Moon positions are from the Juplet java applet. Over the course of this week I was able to watch the moons zipping back and forth, it was pretty neat. I'm gonna see if I can take some more next week and track their positions throughout the week.

Just Say No to Knowledge

14 July 2006

Stephen Hawking's Question

Stephen Hawking asks (and anyone can answer) w/ a Yahoo account:

How can the human race survive the next hundred years?

In a world that is in chaos politically, socially and environmentally, how can the human race sustain another 100 years?

Damn, I found that *after* I used up my daily quota of answers. Someone comment here tomorrow and remind me to put in my two cents. :)

Darwin's finches evolving

Peter Grant of Priceton, a biologist studying Galapagos finches, has watched one particular physically smaller species for more than twenty years as a physically larger species of finch moved in on their territory, ate their food, and starved the larger individuals, leaving only the smaller individuals to continue the species. As a result, the species in question now has smaller beaks than when the invaders first came in 1982.

And in case you're wondering about the legitimacy, this work was funded by the NSF, and is being published in the peer-reviewed Science magazine.

11 July 2006

Ages old debate

That age-old debate on whether dinosaurs were warm- or cold-blooded has a tentative answer: Yes. By examining growth rates observed in fossil bones, the paleontologists determined that most dinosaurs don't have any process to regulate their body temperature, so small dinosaurs stayed at ambient temperature while big dinosaurs stayed warm b/c body processes generate heat and they can't dissipate it.

To make matters even more complex though, there's one species that switches from being warm-blooded when young, to cold-blooded when adult! Ain't that freaky? "Is it just me, or is it warm in here?" "You're just having hot flashes honey."

09 July 2006

Summertime post!

Since summer's in full swing, I thought I'd point y'all towards a list of ideas for more efficient summer cooling. Enjoy! :)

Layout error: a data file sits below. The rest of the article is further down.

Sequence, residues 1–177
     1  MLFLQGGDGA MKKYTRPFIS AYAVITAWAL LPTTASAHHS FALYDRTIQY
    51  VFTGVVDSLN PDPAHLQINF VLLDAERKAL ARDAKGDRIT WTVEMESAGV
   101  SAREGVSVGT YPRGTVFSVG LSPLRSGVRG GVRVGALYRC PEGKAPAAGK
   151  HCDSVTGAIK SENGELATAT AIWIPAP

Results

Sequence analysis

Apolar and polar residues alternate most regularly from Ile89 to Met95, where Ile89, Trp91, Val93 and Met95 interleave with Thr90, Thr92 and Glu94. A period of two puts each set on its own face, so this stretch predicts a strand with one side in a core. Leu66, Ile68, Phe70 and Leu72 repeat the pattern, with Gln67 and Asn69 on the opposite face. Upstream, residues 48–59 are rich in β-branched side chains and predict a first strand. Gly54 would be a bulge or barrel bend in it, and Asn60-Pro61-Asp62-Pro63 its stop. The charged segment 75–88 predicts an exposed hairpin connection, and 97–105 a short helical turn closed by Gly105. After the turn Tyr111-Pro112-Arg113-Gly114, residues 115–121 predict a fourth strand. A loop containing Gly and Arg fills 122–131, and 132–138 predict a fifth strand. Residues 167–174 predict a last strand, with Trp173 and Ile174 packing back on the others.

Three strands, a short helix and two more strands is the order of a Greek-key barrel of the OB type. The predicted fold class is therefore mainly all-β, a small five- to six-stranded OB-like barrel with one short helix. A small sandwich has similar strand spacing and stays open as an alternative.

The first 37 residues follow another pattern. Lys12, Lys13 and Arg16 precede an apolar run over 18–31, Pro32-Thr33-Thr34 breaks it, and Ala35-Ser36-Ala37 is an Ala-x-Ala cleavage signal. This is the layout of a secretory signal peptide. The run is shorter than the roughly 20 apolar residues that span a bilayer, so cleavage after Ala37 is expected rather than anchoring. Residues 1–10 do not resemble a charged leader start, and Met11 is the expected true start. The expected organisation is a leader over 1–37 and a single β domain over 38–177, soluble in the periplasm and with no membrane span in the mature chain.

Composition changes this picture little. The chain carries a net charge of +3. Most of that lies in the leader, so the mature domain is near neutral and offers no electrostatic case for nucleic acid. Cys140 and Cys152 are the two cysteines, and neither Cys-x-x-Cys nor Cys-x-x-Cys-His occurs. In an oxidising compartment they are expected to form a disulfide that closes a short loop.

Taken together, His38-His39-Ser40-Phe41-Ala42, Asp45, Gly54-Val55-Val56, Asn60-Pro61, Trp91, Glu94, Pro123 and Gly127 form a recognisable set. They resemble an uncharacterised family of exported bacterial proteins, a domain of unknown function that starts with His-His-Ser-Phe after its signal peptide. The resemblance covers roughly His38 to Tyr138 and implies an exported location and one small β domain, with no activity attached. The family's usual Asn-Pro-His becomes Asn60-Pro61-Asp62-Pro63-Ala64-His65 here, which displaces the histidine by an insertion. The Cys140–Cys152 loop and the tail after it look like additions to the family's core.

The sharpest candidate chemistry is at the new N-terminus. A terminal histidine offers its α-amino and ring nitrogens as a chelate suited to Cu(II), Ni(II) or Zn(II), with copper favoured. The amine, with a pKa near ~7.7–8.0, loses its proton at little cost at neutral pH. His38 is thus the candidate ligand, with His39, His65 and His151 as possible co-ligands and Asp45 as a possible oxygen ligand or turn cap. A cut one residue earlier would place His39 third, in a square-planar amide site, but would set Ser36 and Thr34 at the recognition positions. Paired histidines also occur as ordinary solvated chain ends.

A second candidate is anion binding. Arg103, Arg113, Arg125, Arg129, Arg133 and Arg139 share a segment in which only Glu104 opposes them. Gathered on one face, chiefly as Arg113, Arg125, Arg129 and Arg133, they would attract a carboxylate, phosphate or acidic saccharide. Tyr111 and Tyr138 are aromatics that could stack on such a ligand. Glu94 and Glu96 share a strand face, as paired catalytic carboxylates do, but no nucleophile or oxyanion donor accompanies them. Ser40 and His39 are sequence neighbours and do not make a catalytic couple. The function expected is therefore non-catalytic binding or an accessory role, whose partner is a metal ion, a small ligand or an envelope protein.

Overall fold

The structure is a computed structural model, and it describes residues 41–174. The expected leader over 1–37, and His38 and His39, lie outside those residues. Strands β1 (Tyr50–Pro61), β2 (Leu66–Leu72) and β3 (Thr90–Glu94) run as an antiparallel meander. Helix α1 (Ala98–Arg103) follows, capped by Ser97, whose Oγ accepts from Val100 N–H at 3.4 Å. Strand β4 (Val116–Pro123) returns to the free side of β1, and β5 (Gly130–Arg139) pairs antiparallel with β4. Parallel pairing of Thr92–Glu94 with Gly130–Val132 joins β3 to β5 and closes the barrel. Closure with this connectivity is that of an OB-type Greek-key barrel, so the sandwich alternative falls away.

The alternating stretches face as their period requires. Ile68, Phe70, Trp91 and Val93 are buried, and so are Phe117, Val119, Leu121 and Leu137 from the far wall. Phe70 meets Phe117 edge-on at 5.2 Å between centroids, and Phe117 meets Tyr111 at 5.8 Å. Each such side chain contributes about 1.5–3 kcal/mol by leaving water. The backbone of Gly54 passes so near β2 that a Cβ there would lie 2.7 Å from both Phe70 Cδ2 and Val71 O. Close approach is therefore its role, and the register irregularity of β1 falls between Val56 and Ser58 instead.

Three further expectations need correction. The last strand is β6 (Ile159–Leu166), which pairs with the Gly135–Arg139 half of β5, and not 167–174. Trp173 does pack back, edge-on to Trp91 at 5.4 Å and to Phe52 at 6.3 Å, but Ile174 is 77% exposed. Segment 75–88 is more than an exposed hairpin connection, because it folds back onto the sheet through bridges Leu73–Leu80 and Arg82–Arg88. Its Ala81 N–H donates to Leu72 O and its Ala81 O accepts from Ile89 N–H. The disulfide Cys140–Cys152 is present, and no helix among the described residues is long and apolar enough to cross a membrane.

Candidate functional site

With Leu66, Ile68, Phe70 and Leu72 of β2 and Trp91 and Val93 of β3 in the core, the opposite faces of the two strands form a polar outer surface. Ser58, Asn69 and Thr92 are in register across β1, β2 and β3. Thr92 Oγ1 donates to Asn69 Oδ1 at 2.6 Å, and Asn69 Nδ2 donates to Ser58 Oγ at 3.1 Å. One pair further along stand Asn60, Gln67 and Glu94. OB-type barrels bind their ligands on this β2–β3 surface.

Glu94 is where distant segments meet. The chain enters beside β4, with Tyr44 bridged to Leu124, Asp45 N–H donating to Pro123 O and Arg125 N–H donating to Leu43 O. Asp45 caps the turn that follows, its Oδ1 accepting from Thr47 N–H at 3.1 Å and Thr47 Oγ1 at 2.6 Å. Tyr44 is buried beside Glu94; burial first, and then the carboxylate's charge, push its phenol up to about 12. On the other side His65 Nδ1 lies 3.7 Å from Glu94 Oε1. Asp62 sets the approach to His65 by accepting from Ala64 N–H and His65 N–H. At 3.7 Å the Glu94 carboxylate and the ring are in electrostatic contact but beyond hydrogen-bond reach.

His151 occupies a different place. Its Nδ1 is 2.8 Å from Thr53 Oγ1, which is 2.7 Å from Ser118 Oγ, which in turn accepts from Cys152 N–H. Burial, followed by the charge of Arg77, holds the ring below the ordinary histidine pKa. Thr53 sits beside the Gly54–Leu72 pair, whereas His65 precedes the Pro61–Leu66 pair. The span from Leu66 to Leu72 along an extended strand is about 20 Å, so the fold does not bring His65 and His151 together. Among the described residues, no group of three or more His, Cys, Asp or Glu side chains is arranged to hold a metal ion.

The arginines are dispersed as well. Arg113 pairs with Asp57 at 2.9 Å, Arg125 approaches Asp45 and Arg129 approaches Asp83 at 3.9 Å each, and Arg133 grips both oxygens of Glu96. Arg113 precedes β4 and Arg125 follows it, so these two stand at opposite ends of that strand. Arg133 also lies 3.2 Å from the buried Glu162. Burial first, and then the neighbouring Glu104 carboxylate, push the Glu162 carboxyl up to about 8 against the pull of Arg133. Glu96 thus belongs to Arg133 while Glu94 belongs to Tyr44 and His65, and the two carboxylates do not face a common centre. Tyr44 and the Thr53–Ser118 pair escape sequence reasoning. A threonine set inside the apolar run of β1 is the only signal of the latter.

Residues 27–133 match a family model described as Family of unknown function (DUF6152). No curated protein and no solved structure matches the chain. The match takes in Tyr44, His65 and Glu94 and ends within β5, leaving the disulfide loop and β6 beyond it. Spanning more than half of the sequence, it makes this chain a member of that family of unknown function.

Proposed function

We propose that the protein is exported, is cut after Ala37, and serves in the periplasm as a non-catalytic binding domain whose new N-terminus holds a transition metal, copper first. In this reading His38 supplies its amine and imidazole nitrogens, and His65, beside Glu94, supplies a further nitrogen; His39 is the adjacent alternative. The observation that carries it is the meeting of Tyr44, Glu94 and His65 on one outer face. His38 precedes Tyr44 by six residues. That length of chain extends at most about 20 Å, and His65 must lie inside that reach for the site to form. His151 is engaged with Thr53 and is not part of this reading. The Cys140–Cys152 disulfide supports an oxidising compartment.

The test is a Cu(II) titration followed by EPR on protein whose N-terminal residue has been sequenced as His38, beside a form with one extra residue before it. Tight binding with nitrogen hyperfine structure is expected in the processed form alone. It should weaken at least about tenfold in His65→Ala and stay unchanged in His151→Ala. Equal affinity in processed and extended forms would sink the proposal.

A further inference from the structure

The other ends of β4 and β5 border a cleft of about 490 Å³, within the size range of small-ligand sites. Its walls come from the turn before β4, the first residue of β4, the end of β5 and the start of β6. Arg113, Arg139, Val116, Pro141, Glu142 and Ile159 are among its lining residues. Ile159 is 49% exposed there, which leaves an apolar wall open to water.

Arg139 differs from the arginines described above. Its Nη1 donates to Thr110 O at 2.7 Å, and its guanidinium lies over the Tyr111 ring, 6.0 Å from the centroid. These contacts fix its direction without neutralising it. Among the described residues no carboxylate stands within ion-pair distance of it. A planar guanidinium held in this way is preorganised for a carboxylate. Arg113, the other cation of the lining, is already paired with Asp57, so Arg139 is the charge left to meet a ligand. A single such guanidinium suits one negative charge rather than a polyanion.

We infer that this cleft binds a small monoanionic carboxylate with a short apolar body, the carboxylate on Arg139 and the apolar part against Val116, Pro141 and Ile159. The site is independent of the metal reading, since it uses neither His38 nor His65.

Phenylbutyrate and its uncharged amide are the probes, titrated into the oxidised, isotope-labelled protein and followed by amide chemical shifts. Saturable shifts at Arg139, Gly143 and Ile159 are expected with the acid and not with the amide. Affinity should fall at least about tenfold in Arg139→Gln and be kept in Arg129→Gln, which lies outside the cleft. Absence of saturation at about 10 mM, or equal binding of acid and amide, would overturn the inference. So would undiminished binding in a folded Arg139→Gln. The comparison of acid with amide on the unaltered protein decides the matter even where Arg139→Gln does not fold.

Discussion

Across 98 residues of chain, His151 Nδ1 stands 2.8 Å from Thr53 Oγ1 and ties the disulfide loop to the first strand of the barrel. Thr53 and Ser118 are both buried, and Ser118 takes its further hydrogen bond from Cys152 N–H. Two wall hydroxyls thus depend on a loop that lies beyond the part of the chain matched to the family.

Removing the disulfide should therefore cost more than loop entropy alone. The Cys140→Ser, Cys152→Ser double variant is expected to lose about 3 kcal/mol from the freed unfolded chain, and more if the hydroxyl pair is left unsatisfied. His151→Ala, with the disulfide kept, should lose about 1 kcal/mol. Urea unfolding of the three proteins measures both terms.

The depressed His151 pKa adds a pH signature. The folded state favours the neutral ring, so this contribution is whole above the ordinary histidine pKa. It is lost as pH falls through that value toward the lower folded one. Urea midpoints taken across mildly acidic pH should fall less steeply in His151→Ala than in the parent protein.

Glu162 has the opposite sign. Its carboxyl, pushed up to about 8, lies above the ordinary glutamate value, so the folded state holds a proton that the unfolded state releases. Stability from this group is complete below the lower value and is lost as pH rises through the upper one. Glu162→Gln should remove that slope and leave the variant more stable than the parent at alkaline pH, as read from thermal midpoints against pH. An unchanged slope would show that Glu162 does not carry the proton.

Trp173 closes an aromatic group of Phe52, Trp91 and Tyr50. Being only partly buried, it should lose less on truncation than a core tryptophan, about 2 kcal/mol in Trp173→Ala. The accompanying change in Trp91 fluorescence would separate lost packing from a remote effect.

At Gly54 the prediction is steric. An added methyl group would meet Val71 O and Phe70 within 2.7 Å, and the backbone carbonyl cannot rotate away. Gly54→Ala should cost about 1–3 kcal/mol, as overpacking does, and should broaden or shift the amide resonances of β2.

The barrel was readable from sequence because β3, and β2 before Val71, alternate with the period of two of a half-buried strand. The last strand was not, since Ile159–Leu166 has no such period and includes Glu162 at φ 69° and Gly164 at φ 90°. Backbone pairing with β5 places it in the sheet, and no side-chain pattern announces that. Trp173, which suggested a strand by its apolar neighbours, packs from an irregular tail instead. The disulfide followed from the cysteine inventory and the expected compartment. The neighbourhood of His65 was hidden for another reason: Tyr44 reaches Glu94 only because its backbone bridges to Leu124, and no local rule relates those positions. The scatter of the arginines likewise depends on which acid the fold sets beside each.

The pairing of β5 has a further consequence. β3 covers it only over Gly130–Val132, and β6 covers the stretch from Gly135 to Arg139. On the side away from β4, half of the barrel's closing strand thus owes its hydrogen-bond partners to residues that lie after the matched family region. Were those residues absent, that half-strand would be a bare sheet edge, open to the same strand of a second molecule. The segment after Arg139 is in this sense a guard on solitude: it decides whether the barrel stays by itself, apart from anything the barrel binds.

Bush proposes doubling federal funding for physical science research

This is really good news, Bush's proposed putting more money, an additional $136 billion over 10 years, into basic research in the physical sciences! The root cause of this is that Bush feels it will keep America competitive on the global market - I'm slightly skeptical over the direct cause-and-effect he implies, but anything that puts more money into science is good. And better yet, some of that money would go to training more math and science teachers. Sadly, this might be at the expense of other education fields such as "the arts, parent-resource centers and drug-free schools," causing the Democrats concern, but I think it's worth it.

This has already been approved in the house, but the Senate is stalling on it. I think I'm going to draft a letter to my Senators on the issue - presuming it's not already too late. Or maybe even if it is. If I do write it, I'll post it here for others to copy.

ETA: I think the bill in question is H.R.5672 - Making appropriations for Science, the Departments of State, Justice, and Commerce, and related agencies for the fiscal year ending September 30, 2007, and for other purposes. Anyone else know for sure? If you want to write your senator, the easiest way I know of to find out who (s)he is, is via the AAS Contacting Congress page.

04 July 2006

Worm composting - fruit flies?

Anyone out there have a worm compost bin and get fruit flies? This time it wasn't even from bananas, I think it was from the soil I was using for an experiment for my online course! But the house is infested again and when I went to put in some corn husks today the poker I use to move the material around was covered in what I'm pretty sure was little fruit fly grubs (or whatever they're called). Made my skin crawl. I put the bin outside, and it's staying out there for a week. I'm also cleaning everything wet or raw in the house and drying the sinks before I go away for around 5 days! Any other, less drastic, ideas?

Discovery flies on the 4th

It was [NASA Administrator Michael Griffin] Griffin who chose to go ahead with the mission over concerns from the space agency's safety officer and chief engineer about foam problems that have dogged the agency since Columbia was doomed by a flyaway chunk of insulation 3 1/2 years ago.

Somebody explain to me WHY in the world Griffin gave it the goahead when ignoring concerns from engineers and safety officials is what doomed both the Challenger and Columbia missions?! Gadnabbit, Griffin's a scientist, I was really expecting better from him.

There is one cool part though:

If photos during launch or the flight show serious damage to Discovery, the crew could move into the space station. Then a risky shuttle rescue — fraught with its own problems — would have to be mounted. The rescue ship, Atlantis, would face the same potential foam threat at launch. NASA also worked on a possible plan for flying Discovery back to Earth unmanned if necessary.

50 years of highways

Ooh, this looks like an interesting article - it's apparently a biography of the nation's interstate system, and for me it's pure mapporn! *grin* However, the following severely mangled nest of mixed metaphors made me cringe.

So it's hard to believe that America's freeway system turns 50 this summer — a chronological blip on the tectonic plates too slight for a spectrometer, but in the life of our republic, a golden anniversary.